United States Coast Guard Academy - Tide Rips Yearbook (New London, CT)

 - Class of 1939

Page 1 of 218

 

United States Coast Guard Academy - Tide Rips Yearbook (New London, CT) online yearbook collection, 1939 Edition, Cover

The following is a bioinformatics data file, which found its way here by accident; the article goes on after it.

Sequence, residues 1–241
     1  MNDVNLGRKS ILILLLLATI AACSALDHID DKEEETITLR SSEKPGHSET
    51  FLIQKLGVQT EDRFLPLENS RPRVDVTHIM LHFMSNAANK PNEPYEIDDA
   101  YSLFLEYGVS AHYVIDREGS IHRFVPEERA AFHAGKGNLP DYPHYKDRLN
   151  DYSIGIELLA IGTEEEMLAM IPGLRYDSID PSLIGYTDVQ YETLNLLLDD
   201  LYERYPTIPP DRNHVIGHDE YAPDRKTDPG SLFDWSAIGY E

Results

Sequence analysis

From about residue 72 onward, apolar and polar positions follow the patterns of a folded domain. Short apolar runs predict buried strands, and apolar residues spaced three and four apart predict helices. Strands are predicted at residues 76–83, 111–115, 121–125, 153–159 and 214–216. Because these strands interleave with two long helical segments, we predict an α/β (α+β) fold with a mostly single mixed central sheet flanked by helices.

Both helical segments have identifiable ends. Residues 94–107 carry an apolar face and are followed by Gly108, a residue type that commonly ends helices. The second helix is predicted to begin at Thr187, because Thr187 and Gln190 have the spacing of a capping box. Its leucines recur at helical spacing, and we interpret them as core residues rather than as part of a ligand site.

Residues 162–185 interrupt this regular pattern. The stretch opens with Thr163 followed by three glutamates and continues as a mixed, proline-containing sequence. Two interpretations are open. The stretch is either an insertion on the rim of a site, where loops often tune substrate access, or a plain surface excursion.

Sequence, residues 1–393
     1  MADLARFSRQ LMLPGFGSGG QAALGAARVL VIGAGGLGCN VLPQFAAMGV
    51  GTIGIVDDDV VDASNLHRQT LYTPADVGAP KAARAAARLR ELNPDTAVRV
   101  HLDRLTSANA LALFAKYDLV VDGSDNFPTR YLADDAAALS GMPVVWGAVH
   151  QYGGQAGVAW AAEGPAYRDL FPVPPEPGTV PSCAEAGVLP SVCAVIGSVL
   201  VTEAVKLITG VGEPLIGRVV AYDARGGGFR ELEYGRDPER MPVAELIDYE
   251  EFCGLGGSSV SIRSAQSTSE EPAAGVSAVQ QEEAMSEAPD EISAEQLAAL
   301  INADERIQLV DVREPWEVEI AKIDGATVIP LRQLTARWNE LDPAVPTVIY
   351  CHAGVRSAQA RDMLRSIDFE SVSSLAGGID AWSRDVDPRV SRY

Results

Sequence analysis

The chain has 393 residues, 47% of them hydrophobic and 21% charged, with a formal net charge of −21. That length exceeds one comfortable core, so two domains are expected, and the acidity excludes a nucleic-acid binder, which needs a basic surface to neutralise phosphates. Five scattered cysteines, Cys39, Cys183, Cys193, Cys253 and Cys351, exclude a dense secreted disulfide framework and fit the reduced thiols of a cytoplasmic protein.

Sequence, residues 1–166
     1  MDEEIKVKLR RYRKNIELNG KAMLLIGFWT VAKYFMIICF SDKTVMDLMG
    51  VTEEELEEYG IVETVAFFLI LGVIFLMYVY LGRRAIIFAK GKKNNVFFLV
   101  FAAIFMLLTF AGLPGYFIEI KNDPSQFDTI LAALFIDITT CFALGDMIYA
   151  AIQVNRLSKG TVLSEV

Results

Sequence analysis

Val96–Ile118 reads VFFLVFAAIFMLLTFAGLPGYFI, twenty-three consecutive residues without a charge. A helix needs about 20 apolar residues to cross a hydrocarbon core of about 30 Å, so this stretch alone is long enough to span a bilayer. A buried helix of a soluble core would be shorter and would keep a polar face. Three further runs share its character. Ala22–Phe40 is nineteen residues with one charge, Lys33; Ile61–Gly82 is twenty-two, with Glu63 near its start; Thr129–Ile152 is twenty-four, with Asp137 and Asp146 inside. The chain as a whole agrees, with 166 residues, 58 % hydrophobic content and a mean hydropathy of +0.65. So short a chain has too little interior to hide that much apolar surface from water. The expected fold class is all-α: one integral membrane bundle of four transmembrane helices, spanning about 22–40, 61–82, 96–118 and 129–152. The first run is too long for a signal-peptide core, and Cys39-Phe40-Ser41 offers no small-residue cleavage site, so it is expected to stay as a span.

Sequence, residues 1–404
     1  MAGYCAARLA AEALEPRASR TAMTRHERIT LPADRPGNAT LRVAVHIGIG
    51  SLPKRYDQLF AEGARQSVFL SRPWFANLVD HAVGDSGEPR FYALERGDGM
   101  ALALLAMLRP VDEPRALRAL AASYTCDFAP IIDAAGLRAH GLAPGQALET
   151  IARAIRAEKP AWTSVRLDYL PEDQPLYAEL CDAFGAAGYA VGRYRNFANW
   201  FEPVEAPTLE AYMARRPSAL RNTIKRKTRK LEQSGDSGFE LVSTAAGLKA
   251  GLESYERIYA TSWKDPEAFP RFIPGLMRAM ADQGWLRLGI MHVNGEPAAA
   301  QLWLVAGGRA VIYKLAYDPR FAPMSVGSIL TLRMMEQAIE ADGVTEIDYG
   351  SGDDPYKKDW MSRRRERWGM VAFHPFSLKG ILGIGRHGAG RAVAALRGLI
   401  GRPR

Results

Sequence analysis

Cover



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Text from Pages 1 - 218 of the 1939 volume: